Indoor air quality and the quest for a breath of fresh air in the workplace 0

indoor air quality

Edward Hopper, Office in a Small City, Metropolitan Museum of Art, NY

The modern workplace has to work harder than ever before. It must reflect corporate values, express something of the organisation’s brand, allow people to work to the best of their ability as well as look after their wellbeing, keep touch with the pace of changing technology and meet the demands of an ever changing legislative environment and keep costs down. All of these issues conflate around the challenge of providing a sustainable, comfortable and productive working environment in buildings that are filled with an increasing number of people and computers. It is estimated by the Building Research Establishment that even in a typical office each person and their technology will generate some 1500 W of energy per hour, the equivalent of the sort of fan heater that the EU is now keen to ban outright.

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The culture of presenteeism is not all just fun and games 0

PresenteeismTen or so years ago an office seating manufacturer commissioned me to prepare a report on the games industry. The idea was to target a market the company had decided was primed to hear their message about ergonomics and the deleterious effects of long hours spent sitting and peering at a screen. Not only would this develop a new market for the business, it would also showcase a new product they had launched specifically to target a younger and hipper audience, even one that was overwhelmingly male. All of the elements of a successful campaign appeared to be there – the right product, a sedentary workforce that often worked around the clock to hit deadlines in an industry that epitomised youthful cool and was willing to spend money to prove it. Except one thing was missing; the people who worked in the industry weren’t worried about ergonomics and their long term wellbeing and most knew  or suspected they’d be burned out and doing something else pretty soon anyway.

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Younger workers less tolerant of flexible workers than you would think 0

Younger workers less tolerant of flexible workers than you would thinkOne of the key drivers for bringing a flexible working culture into the workplace is to accommodate the needs of the younger generation of ‘millennial’ workers who are perceived to view the idea of the traditional 9 to 5 as archaic. But this open-mindedness appears to waver when applied to other workers. A recent survey by employment specialists Doyle Clayton has found Generation Y employees have the most negative attitudes towards older employees and part-time and flexible workers; seeing their colleagues’ flexibility as coming at their own expense. The Age Before Beauty? Report warns that there shouldn’t be an assumption that initiatives to support flexible working will be welcomed by staff in their twenties and thirties. And while younger workers tended to be most likely to perceive discrimination at their workplace, they were also the most likely to exhibit negative attitudes towards equality, for example seeing older workers as less valuable because of their age. …more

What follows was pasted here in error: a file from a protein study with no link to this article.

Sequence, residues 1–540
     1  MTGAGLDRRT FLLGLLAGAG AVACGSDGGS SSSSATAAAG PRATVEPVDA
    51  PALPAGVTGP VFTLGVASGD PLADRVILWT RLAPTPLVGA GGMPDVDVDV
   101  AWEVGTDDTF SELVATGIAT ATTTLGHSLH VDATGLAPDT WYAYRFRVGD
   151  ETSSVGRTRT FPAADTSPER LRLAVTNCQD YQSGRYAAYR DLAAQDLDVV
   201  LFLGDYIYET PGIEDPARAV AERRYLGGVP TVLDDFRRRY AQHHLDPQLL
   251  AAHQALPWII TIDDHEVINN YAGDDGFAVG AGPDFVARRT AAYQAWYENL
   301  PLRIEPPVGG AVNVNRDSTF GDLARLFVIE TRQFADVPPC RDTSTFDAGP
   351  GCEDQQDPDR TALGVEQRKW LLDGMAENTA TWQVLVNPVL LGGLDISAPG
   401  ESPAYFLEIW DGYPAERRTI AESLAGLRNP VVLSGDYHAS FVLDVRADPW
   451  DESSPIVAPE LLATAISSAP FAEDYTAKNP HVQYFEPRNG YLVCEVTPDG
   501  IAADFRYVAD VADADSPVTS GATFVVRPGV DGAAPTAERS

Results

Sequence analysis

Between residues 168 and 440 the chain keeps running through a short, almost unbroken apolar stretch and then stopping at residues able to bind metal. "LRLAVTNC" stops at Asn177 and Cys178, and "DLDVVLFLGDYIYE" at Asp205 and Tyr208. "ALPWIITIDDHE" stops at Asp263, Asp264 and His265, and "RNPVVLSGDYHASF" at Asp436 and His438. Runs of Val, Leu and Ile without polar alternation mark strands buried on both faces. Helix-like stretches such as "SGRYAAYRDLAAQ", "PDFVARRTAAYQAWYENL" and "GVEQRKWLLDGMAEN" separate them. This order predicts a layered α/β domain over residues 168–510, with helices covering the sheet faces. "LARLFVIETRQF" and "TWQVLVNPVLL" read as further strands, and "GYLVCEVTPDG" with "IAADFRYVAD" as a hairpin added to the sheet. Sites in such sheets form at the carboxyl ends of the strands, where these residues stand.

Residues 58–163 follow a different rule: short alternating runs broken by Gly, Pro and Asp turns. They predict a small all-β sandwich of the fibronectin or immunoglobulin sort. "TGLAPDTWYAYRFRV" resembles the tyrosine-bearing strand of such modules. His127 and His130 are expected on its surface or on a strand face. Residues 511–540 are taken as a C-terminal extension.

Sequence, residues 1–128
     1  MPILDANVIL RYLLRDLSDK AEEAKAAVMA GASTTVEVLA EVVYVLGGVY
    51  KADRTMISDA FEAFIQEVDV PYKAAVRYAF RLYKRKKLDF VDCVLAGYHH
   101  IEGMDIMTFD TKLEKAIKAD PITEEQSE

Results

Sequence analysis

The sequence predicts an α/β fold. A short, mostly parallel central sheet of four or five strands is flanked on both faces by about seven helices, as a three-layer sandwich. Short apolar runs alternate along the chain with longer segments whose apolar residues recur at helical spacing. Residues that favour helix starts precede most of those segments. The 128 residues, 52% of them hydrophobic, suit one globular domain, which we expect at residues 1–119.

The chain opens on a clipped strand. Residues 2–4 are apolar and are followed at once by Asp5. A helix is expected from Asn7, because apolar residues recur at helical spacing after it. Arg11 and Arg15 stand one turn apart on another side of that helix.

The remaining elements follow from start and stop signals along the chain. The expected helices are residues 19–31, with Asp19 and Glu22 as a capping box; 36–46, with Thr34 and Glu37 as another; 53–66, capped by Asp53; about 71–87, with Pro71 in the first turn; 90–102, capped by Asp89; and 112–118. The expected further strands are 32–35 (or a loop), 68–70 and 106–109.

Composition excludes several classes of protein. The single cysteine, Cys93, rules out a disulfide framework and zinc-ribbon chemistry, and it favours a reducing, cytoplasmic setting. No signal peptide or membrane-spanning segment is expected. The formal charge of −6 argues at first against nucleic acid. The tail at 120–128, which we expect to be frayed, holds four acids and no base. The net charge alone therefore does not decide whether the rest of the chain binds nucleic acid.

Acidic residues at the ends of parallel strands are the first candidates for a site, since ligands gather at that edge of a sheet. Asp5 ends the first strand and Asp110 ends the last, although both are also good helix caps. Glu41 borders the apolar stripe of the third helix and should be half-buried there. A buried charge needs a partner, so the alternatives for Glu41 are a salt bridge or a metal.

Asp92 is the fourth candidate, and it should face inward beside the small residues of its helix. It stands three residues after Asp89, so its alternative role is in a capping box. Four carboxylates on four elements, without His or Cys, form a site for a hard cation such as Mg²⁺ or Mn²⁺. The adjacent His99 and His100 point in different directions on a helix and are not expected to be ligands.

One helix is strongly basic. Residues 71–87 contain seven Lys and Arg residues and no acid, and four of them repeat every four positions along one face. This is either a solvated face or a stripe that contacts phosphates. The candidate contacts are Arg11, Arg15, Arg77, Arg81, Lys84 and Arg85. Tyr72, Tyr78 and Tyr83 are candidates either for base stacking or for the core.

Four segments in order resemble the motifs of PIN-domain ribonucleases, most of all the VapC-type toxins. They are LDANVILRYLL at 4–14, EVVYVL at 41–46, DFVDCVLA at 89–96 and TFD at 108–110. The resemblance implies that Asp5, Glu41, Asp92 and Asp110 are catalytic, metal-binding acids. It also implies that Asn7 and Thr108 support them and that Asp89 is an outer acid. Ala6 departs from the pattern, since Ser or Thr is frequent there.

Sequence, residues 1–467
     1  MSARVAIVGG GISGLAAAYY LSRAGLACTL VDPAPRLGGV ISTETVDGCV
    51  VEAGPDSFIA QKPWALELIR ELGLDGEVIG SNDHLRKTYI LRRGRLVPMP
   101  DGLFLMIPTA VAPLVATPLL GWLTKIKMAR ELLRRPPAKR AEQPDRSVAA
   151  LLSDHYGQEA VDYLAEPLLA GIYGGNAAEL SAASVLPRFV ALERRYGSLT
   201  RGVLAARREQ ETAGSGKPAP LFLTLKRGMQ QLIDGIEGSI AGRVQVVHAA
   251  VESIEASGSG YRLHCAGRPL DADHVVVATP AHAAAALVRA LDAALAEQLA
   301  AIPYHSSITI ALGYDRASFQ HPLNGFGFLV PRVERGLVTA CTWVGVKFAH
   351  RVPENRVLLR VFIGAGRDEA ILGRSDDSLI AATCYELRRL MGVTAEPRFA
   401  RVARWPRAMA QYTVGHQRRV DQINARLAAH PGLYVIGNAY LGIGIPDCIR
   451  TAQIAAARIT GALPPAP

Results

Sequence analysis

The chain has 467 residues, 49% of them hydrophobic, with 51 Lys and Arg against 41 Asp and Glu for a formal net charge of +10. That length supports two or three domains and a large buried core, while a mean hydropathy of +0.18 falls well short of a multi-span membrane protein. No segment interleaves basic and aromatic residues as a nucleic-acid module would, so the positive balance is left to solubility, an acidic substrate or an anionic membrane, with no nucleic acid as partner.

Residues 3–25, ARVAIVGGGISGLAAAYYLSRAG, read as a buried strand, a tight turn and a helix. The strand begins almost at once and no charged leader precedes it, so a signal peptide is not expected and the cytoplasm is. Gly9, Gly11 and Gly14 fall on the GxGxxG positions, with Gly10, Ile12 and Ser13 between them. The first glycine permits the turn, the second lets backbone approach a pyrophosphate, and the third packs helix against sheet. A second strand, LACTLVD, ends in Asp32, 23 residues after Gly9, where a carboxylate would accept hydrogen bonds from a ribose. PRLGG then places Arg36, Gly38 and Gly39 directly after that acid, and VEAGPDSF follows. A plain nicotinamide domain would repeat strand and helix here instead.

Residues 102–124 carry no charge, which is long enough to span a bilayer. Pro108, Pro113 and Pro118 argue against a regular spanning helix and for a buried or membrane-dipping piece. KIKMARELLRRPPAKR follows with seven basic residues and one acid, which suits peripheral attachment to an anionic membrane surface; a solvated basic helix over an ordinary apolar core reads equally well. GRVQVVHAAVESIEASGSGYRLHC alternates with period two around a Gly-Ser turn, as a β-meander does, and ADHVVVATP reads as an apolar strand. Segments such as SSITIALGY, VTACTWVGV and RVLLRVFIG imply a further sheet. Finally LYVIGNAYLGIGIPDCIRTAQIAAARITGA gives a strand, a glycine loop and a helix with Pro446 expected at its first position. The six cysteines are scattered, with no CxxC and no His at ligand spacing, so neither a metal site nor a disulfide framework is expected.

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Exam board introduces workplace issues to psychology A Level syllabus 0

workplace issuesOne of the UK’s five main national examination boards is to introduce a range of workplace issues as part of its updated Psychology A Level syllabus from next year. Cambridge based OCR claims that Psychology is the UK’s fourth  most popular subject at both A and AS level and is also one of the most popular subjects at degree level too. The issues will be introduced to the syllabus as part of an Environmental Psychology theme and will consider as issues such as the effects of allowing desk clutter on individual wellbeing (although it didn’t do much for Kanji Watanabe in Akira Kurosawa’s film Ikiru, above), gender roles in workstation personalisation and so on. Students will be expected to carry out their own research into the topics as well as draw on established sources of information. OCR also suggests that the subject may help to develop the emotional intelligence of those who take the subject.

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Key to successful BIM implementation is collaboration, says RICS 0

Key to success of BIM implementation is collaboration says RICSThe need for collaboration between all the professions working within the built environment was the overriding theme of a free seminar on BIM, hosted by RICS last week, reports RICS’ Schemes and Accreditation Manager Jon Klahn. The event featured speakers from quantity surveying, engineering and architecture, and was designed to help delegates learn more about BIM and RICS’ role in establishing BIM industry standards. Addressing the 80 plus attendees, Dr Anne Kemp FRICS, Director of BIM Strategy and Development at Atkins and Chair of ICE’s BIM Action Group said the various professions can no longer be driven by self-interest. BIM in itself is not the solution. But the change required to make BIM successful will ultimately allow for better construction, better buildings and a better environment. Successful BIM implementation requires a partnership of people, process and technology and for project teams to understand and appreciate each other’s roles as professionals. …more